Dr Loehle, the reason I did not recognize your bootstrap resampling method as such is because your resamples are not subject to random error. You randomly leave some out, but my bone of contention is with how much error there is in the proxies themselves. You might argue that this kind of approach to bootstrap resampling/confidence interval estimation is “beyond the scope of the study” and an Editor might agree, and I even empathize for the purposes of an EE publication. But it would be a very nice topic for a different journal where the editors & audience care deeply about methodological issues, sampling error, and robust statistical inference.

    My advice would be, as I’ve said many times in other contexts, get a real statistican as a collaborator. Somebody like a Wegman. The guy pounds Team junk to pulp.

  20. bender
    Posted Nov 18, 2007 at 7:41 PM | Permalink

    By the way, dating errors in the x-direction are not irrelevant if what you are interested in comparing are likely rates of warming during the lead-in to MWP, CWP. The greater the error, the greater the uncertainty in the slope and duration of those warming trends.

  21. Stan
    Posted Nov 18, 2007 at 8:26 PM | Permalink

    #20

    Bender – so, could one say Dr. Loehle’s recent work may be significantly flawed because of the limited number of dates over such a short period and the potential errors in those dates? It has already been pointed out that there are few confirmed dates in the last 50 yrs. However, how can one compare eras if dating is not firm?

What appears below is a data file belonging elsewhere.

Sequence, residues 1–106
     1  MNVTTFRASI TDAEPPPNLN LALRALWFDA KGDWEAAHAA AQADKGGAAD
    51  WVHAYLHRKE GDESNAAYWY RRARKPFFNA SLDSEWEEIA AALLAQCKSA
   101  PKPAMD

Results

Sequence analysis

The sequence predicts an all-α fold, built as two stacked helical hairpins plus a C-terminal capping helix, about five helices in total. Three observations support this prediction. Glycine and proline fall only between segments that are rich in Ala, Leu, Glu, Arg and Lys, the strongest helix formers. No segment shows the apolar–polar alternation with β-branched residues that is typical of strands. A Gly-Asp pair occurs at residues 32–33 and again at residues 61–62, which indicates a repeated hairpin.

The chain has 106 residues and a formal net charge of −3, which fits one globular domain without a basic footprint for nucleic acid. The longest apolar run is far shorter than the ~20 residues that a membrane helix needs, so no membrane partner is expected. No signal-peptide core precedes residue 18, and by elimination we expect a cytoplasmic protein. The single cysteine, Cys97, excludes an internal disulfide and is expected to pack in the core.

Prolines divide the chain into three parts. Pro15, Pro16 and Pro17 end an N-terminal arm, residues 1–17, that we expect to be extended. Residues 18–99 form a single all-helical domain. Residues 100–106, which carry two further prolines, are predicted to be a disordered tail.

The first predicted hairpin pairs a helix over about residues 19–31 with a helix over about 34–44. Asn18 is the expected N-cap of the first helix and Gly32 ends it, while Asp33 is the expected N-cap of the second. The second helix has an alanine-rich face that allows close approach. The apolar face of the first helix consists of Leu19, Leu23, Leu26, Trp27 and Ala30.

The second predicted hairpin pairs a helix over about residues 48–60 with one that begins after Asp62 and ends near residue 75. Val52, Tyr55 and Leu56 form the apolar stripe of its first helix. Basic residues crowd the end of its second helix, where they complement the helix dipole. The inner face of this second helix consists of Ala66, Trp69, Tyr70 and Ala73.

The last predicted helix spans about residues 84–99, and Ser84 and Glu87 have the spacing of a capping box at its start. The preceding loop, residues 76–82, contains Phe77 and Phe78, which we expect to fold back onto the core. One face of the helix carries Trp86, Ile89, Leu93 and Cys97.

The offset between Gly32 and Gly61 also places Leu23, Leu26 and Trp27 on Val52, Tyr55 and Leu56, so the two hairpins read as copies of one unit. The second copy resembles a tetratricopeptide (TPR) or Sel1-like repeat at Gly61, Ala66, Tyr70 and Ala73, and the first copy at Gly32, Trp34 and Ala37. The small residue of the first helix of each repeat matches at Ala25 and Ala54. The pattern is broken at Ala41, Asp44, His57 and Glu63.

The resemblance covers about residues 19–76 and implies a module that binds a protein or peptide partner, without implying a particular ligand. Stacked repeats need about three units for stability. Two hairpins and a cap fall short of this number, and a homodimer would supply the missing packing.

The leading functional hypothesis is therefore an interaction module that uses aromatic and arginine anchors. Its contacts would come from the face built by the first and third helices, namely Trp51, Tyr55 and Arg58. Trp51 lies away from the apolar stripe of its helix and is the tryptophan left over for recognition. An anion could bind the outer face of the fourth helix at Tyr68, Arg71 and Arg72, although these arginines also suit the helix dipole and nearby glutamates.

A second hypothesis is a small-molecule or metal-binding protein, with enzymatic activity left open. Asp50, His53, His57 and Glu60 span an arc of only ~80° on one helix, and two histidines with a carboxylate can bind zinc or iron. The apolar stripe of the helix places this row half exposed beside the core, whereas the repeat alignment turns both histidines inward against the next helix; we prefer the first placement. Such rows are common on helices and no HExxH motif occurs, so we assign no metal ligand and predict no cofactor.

Related, what is range in error in the x-direction around each data point for each proxy? 10 yrs? 25 yrs? 50 yrs? 100 yrs?

  22. Kenneth Fritsch
    Posted Nov 18, 2007 at 8:32 PM | Permalink

    Re: #21

    Related, what is range in error in the x-direction around each data point for each proxy? 10 yrs? 25 yrs? 50 yrs? 100 yrs?

    Tree rings happen every year. They and there MXD cousin may not be good thermometers but they have the definite advantage of being good clocks/calendars.

  23. bender
    Posted Nov 18, 2007 at 8:59 PM | Permalink

    Re #21/22
    To a statistician* every study that does not report robustly estimated confidence intervals “may be significantly flawed”. Whether or not the conclusions in Loehle (2007) are supported by robust statistics, we’ll just have to wait and see. But please note that uncertainty is not always damning to a study’s conclusions. It’s just that it’s a nuisance when it isn’t handled correctly from the start. It means you must be patient until the re-analysis is done.

    Nine years and several IPCC reports later, Li et al. (2007) have finally re-analyzed the MBH99 data in an honest effort to quantify the uncertainty. See what I mean about patience? Hopefully it is not 9 years before Dr Loehle’s set of proxies have been analyzed using a similar methodology.